Creatives in Ireland’s music and performing arts sectors are earning less than two-thirds of their counterparts in other industries, according to the findings of a new survey.
A review of pay and conditions in Ireland’s performing arts sector and music industry has found creatives are experiencing a sharper decline in earnings than in any other sector.
The Review of Pay and Conditions in the Performing Arts Sector and Music Industry 2022 found the average weekly earnings in the arts and entertainment sector in Ireland in the last quarter of 2022 was €582.36, equating to 65% of the average (€900.26) for employees across all sectors.
This represented a drop of 1.8% when compared to average weekly earnings from the last quarter of 2021. Across Ireland, three of nine sectors reported a drop in average weekly earnings, with the arts and entertainment experiencing the steepest. In comparison, public sector workers saw an increase of 10.8% in their wages, while private sector workers had an average increase of 2%.
At an individual level, the survey found 91% of established artists and workers in the music industry and 88% of those working in the performing arts sector earned less than the national average weekly earnings.
Meanwhile, the majority (79% of performing arts organisations and 65% of music industry enterprises) of arts and culture businesses that needed to recruit in the last quarter of 2022 reported encountering difficulties filling full-time, part-time, casual and freelance roles.
And the report predicts the trend could worsen, as 32% of respondents to the performing arts survey and 34% of respondents to the music industry survey said they are very or extremely concerned financial pressures will force them to leave the sector in the next six months.
The report, written by arts consultant Heather Maitland, was commissioned by two arts bodies in Ireland, First Music Contact (FMC) and Theatre Forum (TF).
A joint statement from FMC CEO Angela Dorgan and TF Director Anna Walsh called the findings “extremely alarming”.
“It is incredibly worrying that artists and workers in our sector are seeing decreased earnings while most other industries are experiencing positive uplift. This cannot sustain,” they added.
“We speak of promoting the concept of a sustainable career in the arts and music, but we are careening towards a tipping point where this working life is becoming untenable.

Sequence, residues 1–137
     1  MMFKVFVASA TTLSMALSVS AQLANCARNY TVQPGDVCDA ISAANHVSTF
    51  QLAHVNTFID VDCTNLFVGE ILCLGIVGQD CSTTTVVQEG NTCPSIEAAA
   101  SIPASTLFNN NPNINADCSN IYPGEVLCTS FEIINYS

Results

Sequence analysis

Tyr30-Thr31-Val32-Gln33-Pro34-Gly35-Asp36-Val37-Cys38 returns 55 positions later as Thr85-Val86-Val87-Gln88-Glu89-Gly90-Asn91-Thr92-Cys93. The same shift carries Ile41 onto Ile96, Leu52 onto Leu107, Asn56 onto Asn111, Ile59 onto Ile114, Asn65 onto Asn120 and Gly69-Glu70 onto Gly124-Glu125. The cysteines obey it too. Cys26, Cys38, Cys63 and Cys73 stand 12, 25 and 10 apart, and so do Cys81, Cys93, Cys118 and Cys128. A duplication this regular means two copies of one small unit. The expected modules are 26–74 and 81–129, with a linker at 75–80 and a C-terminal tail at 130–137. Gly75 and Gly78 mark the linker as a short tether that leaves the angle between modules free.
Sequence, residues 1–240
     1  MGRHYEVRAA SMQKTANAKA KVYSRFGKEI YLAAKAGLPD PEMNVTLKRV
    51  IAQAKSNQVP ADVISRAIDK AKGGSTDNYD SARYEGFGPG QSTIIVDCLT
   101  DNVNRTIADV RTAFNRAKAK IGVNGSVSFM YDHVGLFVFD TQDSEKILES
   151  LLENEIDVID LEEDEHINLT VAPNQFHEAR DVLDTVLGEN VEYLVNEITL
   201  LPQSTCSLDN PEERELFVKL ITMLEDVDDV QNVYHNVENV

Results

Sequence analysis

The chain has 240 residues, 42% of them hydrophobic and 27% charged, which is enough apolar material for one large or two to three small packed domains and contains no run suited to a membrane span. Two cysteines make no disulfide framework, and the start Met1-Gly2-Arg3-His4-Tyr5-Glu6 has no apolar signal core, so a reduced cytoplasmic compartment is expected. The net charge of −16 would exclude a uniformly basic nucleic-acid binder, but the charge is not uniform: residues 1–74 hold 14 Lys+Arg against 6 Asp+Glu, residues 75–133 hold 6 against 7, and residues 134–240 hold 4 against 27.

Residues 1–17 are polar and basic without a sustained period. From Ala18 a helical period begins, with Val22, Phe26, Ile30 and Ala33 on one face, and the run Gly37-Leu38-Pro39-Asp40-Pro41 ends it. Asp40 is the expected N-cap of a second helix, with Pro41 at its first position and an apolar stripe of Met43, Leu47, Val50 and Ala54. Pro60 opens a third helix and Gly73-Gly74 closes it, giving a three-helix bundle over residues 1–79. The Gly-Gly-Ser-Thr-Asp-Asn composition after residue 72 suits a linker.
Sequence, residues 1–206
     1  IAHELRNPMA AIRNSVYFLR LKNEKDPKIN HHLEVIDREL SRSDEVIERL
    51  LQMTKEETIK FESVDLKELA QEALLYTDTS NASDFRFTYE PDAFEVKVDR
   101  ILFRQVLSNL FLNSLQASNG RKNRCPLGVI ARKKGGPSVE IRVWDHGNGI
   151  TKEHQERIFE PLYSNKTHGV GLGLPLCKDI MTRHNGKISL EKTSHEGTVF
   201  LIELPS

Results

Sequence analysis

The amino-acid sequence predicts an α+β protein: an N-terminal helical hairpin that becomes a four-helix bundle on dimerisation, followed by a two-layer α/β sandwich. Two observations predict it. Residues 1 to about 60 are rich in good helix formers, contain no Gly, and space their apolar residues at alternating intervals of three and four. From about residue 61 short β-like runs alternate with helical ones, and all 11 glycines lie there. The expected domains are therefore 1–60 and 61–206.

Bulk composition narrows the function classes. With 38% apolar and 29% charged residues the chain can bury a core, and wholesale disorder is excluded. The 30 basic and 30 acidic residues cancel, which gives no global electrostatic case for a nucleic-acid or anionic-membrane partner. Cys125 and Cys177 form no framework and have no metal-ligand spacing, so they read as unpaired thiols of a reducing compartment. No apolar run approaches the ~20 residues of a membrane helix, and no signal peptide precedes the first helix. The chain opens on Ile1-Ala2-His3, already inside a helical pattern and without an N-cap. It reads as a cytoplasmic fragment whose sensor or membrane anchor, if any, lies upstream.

“Already many have left the sector as they cannot afford to work in it and can no longer cope with the stress of precarious working conditions and the impacts that has on their lives and, for many, their dependents.
“If we continue along this path, one which the arts community has trudged for decades, we will arrive in a cultural landscape devoid of diversity, where the artistic expression of the majority is silenced and access to arts is reduced significantly. Government cannot allow this to happen.”
Basic income a ‘beacon of light’
Dorgan and Walsh called an ongoing pilot of basic income for artists in Ireland – the first of its kind anywhere in the world – a “beacon of light on horizon”.
Of the 458 individual respondents to the survey, 11% of performing arts sector respondents and 9% of music industry respondents said they received Basic Income for the Arts in 2022.
Those from the performing arts received an average of €5,581 from the scheme and those from the music industry received an average of €4,297.
“Emerging qualitative evidence suggests that the stability of a small but guaranteed income during the working process of making and creating art and music is having a positive impact on health and wellbeing, as well as enabling modest personal investments in health insurance, pensions and savings,” Dorgan and Walsh said.
“These basics have been getting further and further out of reach for those working in arts and music. Basic Income allows people to work in the present, step towards self-sustainability and plan for their future and the future of their families.”
Ahead of Ireland’s Budget 2024 announcement, which is expected at the start of October, First Music and Theatre Forum plan to continue making the case for the retention and extension of the Basic Income scheme and funding increases for artists and arts organisations.